NY Municipal Archives.

An Interview With Snowden Becker. “Keeping the Pieces:” Police Work and Documentation

Bodycams, First Amendment, Live PD, law and order: police work has been in the news a lot lately, and I have been thinking about how the police order, organize, and control all of that information when literal life and freedom are on the line. I sat down with Snowden Becker, formerly of UCLA, and a researcher into police archives and work to talk about these topics and intellectual freedom.

Freedom of Information Act

Actions Shutting Down Information and Freedom – Interior’s Attack on FOIA

The Freedom of Information Act, an invaluable tool for democracy, is under attack. New Interior Department regulations are targeting those who use it the most–journalists, academics, researchers and more. Furthermore, the shutdown is compounding the issue and allowing the possibly-illegal and definitely-unethical change to happen unnoticed.

District of Columbia Circuit Court Justice Brett Kavanaugh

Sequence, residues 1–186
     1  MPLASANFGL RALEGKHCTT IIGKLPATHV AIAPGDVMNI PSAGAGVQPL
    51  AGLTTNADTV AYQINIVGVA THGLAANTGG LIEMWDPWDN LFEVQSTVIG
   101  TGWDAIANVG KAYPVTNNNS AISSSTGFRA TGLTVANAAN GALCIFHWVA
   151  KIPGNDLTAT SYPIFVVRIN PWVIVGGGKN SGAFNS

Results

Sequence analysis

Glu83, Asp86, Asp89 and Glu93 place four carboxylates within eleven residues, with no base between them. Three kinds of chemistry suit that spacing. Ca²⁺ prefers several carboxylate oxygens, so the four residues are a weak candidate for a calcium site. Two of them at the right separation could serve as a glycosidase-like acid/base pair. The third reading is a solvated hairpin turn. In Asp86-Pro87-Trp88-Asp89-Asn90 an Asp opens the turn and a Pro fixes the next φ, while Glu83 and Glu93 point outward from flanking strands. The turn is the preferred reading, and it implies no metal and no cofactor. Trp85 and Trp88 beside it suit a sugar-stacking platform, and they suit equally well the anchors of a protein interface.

Where does Kavanaugh stand on privacy, net neutrality, 1st Amendment?

Like a good proportion of the country, I have been doing my best to catch bits and pieces of the Senate hearings regarding the confirmation of Brett Kavanaugh, President Trump’s nominee to the US Supreme Court. When I sat down to write this blog I wondered, what impact might Kavanaugh’s confirmation have on intellectual freedom issues?

“Stand” Radio Hour Drama Explores Political and Intellectual Freedom

“Stand” Radio Hour Drama Explores Political and Intellectual Freedom

Stand, is an original, hour-long play about political and intellectual freedom written by Matthew Ivan Bennett. It’s a story of compelled speech, thought, action, and surveillance “by the minute”–a perfect work of art for intellectual freedom proponents to engage with and explore.

An unredacted copy of a letter sent anonymously to MLK Jr. by the FBI. It comes from the New York Times, but was original found in the National Archives in College Park, Maryland.

African-Americans, Surveillance & The Freedom of Information Act

One might think of the covert, sometimes illegal FBI surveillance of the Black Panthers, Malcolm X, Martin Luther King Jr. and various other political dissidents as the petri dish where experiments with overreach were conducted years before they were unleashed on the general public. It is only within past decade or so that we are learning just how extensive the surveillance was through the Freedom of Information Act. It is only now that people like artist Sadie Barnette are beginning to come to terms with what it means.